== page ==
In some cases, the religious discrimination you encounter at work may be the result of differing faiths, like an atheist supervisor relentlessly teasing a Muslim subordinate about her religious head covering, or a Catholic supervisor firing a subordinate when she discovered the subordinate was Wiccan. Religious discrimination at work is not limited, however, to disagreements between people of differing faiths. It is possible for you to be the target of illegal employment discrimination based on religion even if you and the person responsible for the discrimination are members of the same religion, same denomination, or even the same church body. In either scenario, the law protects workers from this kind of hostility at work, so you should get in touch with a knowledgeable New Jersey religious discrimination lawyer about how to protect your rights.
The religious discrimination case of L.S., a South Jersey woman who worked as a licensed practical nurse (LPN) at a Voorhees Township assisted living facility, is an example of the latter of the two above categories.
L.S. worked for the facility for roughly 18 months until the employer terminated her in January 2021. Before the nurse started working at the facility she attended a church whose members also included P.W., a unit manager at the same assisted living facility. Before the nurse started her job at the facility, she left that congregation due to “issues with the church’s administration.”
However, not long after the nurse started working at the facility, the manager allegedly began “pressuring her into participating in activities related to” the church L.S. had left. Specifically, the manager asked L.S. to take part in “fundraisers and other activities,” which the nurse always declined.
The more she said “no,” the worse things got at work, according to L.S.’s complaint. These alleged retributions included “close surveillance,” as well as the manager’s seeking “pretextual reasons for discipline.”
On these facts, the nurse sued, alleging religious discrimination and retaliation. The employer asked the court to throw out the lawsuit, but the trial court concluded that the harm the nurse alleged was adequate to state a claim of religious discrimination that was sufficient to overcome a motion to dismiss.
As a backdrop for ruling in favor of the nurse, the court noted that in the Third Circuit, which includes New Jersey, Pennsylvania, and Delaware, there’s a three-part standard for what constitutes “religion” for purposes of a federal religious discrimination claim. Those parts are:
- an attempt to address “fundamental and ultimate questions having to do with deep and imponderable matters,”
- a comprehensive belief system and not mere isolated teaching, and
- something “often… recognized by the presence of certain formal and external signs.”
This definition is broad enough to encompass a variety of beliefs, ranging from Christianity, Islam, and Judaism to smaller, less traditional religions like Wicca and Rastafarianism.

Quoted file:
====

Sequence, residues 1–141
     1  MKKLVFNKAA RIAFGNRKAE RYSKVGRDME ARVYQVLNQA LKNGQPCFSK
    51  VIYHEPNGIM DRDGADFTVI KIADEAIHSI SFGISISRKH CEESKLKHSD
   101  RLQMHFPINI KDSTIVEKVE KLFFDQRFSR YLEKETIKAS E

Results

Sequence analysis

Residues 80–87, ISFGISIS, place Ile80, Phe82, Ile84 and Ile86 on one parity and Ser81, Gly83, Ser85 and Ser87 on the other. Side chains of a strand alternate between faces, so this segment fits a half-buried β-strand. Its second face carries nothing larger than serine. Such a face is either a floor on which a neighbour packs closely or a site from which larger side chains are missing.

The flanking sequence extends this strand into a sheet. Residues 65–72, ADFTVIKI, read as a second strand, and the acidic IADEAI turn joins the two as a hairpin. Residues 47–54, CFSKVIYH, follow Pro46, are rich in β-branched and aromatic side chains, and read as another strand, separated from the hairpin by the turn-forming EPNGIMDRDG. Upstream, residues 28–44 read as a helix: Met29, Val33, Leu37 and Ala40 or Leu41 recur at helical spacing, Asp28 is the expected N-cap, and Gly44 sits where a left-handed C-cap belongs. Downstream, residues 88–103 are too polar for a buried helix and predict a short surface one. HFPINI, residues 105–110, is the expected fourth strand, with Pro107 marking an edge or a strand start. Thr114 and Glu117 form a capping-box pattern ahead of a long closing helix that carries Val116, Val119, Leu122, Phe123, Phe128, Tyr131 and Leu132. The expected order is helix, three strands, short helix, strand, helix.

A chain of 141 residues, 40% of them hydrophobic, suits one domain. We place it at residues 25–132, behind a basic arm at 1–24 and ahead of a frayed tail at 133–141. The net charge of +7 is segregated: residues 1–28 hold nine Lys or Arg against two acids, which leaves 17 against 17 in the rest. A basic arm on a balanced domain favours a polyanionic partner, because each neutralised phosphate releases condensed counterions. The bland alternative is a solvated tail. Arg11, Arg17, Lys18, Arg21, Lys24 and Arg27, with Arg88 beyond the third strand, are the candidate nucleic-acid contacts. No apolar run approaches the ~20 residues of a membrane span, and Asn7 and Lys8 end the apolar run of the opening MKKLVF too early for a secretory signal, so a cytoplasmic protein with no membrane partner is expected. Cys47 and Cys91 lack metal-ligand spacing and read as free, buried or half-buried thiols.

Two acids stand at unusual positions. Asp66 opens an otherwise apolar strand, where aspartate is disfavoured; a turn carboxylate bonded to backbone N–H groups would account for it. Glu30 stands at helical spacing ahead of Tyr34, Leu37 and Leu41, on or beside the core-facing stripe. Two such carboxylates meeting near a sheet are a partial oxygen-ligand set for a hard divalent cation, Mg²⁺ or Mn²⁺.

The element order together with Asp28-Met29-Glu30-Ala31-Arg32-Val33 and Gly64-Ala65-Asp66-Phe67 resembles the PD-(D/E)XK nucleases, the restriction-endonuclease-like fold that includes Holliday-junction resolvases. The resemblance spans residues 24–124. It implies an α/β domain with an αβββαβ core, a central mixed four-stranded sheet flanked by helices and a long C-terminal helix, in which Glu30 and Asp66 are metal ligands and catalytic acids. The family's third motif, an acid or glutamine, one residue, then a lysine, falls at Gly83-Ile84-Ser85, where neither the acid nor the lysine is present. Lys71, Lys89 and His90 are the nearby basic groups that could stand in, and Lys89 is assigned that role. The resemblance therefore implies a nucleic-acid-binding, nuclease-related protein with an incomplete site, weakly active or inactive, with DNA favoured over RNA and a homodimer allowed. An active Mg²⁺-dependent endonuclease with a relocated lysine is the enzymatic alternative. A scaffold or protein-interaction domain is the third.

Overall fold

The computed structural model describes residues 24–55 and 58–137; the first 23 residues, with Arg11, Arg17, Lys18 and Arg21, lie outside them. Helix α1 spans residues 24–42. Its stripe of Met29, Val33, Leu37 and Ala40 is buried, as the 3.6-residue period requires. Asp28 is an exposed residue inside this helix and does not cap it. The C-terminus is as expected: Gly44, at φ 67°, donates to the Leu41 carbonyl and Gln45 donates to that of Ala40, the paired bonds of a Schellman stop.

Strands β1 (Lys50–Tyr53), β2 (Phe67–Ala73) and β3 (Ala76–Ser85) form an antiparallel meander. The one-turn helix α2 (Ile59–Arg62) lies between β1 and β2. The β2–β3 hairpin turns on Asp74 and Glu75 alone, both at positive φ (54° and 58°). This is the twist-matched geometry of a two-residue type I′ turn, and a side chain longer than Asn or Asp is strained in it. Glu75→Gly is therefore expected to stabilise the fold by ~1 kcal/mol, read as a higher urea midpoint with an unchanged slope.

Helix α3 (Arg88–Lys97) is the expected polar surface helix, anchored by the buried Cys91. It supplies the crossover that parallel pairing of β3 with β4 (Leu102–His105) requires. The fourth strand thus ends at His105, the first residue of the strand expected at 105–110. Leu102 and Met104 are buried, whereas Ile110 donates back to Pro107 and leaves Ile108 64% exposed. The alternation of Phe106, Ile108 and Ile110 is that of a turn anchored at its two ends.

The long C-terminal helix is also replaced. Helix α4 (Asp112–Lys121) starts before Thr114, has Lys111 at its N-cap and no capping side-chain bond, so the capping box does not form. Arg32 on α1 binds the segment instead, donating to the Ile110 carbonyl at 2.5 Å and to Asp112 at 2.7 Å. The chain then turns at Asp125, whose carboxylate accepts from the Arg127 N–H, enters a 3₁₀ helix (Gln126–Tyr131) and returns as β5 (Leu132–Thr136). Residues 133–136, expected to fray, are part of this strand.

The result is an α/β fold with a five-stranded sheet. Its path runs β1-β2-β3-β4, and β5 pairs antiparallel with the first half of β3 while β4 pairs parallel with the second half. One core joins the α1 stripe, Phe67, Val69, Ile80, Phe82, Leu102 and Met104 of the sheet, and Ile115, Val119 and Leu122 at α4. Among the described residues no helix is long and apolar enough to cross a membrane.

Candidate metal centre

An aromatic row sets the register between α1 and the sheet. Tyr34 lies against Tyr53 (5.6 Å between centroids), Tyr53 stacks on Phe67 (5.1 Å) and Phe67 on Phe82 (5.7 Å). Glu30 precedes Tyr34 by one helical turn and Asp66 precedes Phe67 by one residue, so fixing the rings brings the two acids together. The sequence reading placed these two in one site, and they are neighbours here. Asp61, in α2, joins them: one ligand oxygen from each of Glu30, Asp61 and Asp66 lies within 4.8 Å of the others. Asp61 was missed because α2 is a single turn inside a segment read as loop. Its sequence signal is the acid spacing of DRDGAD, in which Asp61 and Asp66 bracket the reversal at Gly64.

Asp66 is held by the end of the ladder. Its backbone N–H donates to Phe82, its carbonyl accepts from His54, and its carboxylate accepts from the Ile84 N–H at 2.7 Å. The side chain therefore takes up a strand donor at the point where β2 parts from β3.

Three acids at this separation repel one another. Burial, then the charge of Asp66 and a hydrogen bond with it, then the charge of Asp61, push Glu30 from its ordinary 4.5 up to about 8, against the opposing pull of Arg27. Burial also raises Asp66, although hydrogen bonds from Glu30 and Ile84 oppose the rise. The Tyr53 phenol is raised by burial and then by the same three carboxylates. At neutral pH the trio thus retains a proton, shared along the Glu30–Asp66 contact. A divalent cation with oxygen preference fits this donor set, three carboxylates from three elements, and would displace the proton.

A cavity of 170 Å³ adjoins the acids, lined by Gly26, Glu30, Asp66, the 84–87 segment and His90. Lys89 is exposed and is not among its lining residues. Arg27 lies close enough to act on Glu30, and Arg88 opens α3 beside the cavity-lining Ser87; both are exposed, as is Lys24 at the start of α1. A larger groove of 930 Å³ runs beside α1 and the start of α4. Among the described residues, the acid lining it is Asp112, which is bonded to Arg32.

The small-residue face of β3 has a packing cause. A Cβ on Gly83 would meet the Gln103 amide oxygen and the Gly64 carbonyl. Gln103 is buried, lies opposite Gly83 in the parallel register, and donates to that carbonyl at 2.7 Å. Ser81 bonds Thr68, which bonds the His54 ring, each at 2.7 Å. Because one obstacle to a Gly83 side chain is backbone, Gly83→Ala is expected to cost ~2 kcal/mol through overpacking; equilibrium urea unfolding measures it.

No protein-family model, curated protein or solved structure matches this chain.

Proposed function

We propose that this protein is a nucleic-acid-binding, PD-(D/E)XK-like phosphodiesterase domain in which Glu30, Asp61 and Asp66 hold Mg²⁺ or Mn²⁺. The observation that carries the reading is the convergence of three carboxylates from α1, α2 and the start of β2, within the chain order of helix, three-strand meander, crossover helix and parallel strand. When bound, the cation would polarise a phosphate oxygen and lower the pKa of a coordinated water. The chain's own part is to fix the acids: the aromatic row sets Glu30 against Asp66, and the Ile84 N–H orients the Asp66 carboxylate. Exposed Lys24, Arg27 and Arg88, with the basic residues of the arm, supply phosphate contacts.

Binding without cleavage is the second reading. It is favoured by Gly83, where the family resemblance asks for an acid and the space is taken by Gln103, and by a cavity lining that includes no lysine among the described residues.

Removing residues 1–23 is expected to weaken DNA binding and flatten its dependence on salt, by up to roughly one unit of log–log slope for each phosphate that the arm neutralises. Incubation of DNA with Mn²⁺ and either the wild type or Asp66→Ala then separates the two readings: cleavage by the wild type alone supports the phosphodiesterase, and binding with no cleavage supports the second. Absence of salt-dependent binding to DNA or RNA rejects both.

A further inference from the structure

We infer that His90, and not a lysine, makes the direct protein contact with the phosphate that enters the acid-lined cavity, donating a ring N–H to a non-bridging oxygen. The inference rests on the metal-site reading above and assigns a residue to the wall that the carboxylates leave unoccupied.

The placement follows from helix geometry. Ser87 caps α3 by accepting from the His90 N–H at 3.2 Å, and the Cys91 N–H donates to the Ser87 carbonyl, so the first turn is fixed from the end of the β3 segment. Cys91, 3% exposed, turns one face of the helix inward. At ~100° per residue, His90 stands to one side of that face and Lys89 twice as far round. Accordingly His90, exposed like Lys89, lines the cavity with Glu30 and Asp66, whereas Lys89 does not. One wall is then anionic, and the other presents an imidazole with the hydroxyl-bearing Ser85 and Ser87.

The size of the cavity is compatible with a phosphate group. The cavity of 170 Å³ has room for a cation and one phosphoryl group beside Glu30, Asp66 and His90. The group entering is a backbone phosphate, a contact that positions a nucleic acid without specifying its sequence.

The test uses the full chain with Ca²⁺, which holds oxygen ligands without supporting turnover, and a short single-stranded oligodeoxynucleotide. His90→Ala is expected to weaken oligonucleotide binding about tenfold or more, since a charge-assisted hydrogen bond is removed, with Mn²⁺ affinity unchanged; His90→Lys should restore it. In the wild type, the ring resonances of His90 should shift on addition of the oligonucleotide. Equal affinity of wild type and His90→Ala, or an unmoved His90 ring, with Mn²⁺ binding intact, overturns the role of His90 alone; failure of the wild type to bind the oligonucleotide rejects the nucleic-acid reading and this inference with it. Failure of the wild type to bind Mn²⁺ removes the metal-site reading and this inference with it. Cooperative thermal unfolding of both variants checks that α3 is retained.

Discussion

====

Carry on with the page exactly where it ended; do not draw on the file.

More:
Religious discrimination at work can occur because you identify as a member of a particular belief, but it is not limited solely to that scenario. It can also occur because you’re not a member of a particular religion. In 1993, the 10th Circuit Court of Appeals (which covers several western states,) rules in favor of a woman who alleged that she suffered discrimination because she was not a Mormon.
Furthermore, it can happen when someone punishes you at work because they don’t like the way you practice your religion. In 2018, the nearby Eastern District of Pennsylvania court ruled against an employer seeking to throw out a case brought by a Catholic worker who alleged discrimination at the hands of his Catholic supervisor after he “expressed disdain” for the way the supervisor practiced his Catholic faith.
Not Just What Religion, But Where and How to Practice that Belief
In much the same way that any employee can pursue a case based on adverse action endured for not being a member of a particular denomination or for practicing their faith in a less strict or orthodox fashion, “an individual’s decision as to ‘where’ and ‘how’ to practice her religion falls within the ambit of protected religious activity under both” federal law and the New Jersey Law Against Discrimination, the court stated in ruling for L.S.
Deciding whether to observe a religion and, if so, determining when, how, and where to do so are very personal decisions. If you were fired, demoted, suspended, or otherwise punished, whether as the result of your religious beliefs or your irreligion, you have rights that are protected by law. The knowledgeable New Jersey religious discrimination attorneys at Phillips & Associates are here to help you protect those rights. To find out more, contact us online or at (866) 530-4330 to set up a free and confidential consultation today.